Postcards from Spain: Day Quatro

By / Magazine / September 26th, 2010 / Like

I’m in Seville to learn more about Andalusian gastronomy, vino, history, art, architecture and culture. No worries, I have three days to do it.

First, let me say that I have learned about siesta and have practiced and perfected the art. A rest after a lunch that includes wine is not just an indulgence – it is a necessity because the weather is hot, the sun is relentless and the shops are as closed as my eyes long to be. I haven’t actually slept soundly, but I have lazed with a book beside the cool tub (like a hot Jacuzzi, but with refreshing cool water) and dozed in a chair on a shady patio. I’m going to be in trouble when I go home as I’m getting used to this really quickly.

After a flamenco show last night, we wandered until we found a tapas list that intrigued, and took a table outside of El Rincon, a tiny place with lots of busy tables. One beer, one copa de vino and two tasty seafood tapas later, we paid the 7.90Euro bill (about $11) and walked to another place we’d passed the day before.

La Azotea was packed and all the tables were taken or reserved, so we ordered two glasses of premium Andalusian wine (large pours for 3.30 Euros each) and stood within sight of the bar.  Before long, a couple left and we slipped into their spots, feeling quite lucky to be squeezed in at the bar. I ordered the tapas-sized ox mini-hamburguesa, an item I’d seen delivered to another table. It smelled like it would be perfect with my red wine. We also ordered the foie gras, which is so inexpensive and plentiful here that it amazes me. We got two perfectly-grilled slabs (about as much as you’d pay $20 or more for) with caramelized mango for 4.75Euros, about $6.50. The mini-burger was raw in the centre, so I sent it back. When I got it again, it was still too under done to be free of e-coli for my taste, but my eating buddy didn’t care and demolished every last bit, proclaiming it to be superb. He is still alive, so I assume the kitchen knew what they were doing. I was left with the foie, but you won’t hear me complaining.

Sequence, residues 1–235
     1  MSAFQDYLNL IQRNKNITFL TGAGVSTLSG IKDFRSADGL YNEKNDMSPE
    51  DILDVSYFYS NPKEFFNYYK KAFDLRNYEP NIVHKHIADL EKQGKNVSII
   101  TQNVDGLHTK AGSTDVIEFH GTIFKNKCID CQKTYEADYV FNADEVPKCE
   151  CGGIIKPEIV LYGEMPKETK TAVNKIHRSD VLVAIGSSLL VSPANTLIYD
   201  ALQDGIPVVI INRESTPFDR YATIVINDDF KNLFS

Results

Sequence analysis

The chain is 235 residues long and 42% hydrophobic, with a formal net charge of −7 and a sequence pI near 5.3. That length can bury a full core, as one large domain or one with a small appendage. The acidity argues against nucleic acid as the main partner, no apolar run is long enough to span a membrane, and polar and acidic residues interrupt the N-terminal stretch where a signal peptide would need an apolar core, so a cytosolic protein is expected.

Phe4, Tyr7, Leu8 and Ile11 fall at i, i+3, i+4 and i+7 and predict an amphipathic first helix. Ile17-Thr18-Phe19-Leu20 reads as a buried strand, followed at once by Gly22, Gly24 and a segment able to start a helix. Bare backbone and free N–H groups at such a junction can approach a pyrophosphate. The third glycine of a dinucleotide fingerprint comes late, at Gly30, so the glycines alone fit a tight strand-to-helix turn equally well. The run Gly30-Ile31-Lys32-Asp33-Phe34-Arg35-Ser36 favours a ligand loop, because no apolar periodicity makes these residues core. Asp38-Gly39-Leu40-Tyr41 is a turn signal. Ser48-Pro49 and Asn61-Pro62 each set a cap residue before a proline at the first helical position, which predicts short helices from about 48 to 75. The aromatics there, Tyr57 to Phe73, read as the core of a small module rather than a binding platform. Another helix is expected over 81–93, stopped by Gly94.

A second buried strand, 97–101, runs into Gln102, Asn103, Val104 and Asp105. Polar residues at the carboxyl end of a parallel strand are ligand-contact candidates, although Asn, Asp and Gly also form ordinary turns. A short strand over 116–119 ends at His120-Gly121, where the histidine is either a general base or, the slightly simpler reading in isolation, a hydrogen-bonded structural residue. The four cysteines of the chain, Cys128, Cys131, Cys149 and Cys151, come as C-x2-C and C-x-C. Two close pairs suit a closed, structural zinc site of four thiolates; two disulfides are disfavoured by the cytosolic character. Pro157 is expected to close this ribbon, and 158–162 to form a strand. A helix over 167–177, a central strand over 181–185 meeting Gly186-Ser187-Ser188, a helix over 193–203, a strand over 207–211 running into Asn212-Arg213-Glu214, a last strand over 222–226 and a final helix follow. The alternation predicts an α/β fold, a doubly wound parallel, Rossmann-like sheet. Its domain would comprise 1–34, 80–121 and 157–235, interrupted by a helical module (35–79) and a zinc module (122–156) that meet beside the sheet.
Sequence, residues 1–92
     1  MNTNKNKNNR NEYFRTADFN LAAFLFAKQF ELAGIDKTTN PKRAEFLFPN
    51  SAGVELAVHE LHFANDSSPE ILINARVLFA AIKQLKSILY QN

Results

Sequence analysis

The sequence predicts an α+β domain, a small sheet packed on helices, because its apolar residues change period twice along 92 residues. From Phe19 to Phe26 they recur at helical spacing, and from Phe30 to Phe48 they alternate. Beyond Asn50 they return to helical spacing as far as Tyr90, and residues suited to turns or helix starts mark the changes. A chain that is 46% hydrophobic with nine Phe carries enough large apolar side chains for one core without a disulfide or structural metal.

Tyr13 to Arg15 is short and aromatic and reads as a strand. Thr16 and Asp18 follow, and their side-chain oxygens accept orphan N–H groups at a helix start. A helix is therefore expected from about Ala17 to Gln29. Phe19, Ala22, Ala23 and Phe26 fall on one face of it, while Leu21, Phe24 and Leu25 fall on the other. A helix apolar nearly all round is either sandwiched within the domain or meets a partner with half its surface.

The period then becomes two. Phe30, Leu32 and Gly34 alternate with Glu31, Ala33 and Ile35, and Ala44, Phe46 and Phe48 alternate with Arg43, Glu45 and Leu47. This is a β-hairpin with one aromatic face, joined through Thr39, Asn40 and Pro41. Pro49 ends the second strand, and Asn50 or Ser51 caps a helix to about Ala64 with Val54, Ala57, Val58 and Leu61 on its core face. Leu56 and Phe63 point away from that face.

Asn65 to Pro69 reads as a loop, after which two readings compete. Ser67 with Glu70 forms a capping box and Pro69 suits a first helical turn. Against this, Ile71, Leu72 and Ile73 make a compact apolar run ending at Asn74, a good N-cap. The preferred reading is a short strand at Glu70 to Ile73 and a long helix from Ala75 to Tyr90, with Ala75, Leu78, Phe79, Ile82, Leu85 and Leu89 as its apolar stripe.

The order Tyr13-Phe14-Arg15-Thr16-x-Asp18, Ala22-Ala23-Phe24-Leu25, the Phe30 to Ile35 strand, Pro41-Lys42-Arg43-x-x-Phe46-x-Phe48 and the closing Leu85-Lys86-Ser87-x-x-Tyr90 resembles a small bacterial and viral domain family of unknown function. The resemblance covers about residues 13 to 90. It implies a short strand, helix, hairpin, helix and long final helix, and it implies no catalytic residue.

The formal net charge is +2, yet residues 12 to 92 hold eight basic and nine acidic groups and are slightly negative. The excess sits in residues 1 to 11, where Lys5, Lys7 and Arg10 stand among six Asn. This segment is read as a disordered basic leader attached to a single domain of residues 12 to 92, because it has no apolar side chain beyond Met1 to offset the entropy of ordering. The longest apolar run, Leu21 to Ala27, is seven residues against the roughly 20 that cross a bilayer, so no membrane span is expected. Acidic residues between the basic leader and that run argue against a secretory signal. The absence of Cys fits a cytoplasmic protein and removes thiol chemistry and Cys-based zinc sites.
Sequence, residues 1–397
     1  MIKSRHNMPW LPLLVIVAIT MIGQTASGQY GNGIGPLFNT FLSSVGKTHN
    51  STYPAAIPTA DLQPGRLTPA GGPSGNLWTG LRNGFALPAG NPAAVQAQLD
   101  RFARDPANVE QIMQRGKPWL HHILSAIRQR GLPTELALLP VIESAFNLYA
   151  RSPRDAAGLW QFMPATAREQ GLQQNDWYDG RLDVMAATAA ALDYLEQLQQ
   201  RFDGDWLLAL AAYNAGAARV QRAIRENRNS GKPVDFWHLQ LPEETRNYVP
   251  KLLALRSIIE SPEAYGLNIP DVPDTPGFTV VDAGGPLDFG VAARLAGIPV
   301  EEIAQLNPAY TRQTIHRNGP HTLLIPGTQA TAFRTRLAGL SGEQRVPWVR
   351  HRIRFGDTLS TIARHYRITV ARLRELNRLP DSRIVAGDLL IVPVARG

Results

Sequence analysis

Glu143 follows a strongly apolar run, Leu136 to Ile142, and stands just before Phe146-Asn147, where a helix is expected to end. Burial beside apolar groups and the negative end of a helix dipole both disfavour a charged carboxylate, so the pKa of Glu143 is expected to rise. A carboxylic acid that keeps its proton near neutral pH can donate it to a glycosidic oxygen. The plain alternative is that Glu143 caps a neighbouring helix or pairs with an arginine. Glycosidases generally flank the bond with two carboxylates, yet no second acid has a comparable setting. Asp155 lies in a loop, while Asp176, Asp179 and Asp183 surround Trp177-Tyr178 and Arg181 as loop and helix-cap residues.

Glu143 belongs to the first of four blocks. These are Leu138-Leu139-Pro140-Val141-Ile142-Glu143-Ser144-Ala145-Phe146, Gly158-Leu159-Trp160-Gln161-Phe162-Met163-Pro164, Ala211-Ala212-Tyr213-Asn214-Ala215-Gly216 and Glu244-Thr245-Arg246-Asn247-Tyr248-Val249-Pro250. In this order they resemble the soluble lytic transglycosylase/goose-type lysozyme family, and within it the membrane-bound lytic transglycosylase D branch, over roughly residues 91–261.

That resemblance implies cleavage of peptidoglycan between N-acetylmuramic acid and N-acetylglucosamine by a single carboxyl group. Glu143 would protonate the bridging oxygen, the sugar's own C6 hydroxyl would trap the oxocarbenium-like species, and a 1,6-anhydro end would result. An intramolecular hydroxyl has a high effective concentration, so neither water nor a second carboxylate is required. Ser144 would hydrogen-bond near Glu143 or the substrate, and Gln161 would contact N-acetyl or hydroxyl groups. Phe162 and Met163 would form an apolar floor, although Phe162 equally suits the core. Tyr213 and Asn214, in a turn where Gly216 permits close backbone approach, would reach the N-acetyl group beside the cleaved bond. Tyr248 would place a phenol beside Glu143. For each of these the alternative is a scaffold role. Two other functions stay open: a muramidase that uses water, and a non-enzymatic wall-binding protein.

I like the life here, but the heart of the city beats to a different rhythm as lunch is late and supper is later. Lots of restaurants open at 9:00pm and a usual reservation is for dinner at 10:30. On Friday and Saturday nights, there is still lots going on very late at night, and it is not unusual to find families, including babies and grannies, enjoying the cooler air, the roving entertainers, and the tapas. The city awakens at night, which is another reason why siesta is so popular during the day.

Hasta la vista!

See photos on my website.

ABOUT THE AUTHOR

Brenda McMillan is thrilled by new sights, sounds, aromas and flavours, and old buildings, barrels and friends. She travels at the drop of a corkscrew and is always "just back" from somewhere.

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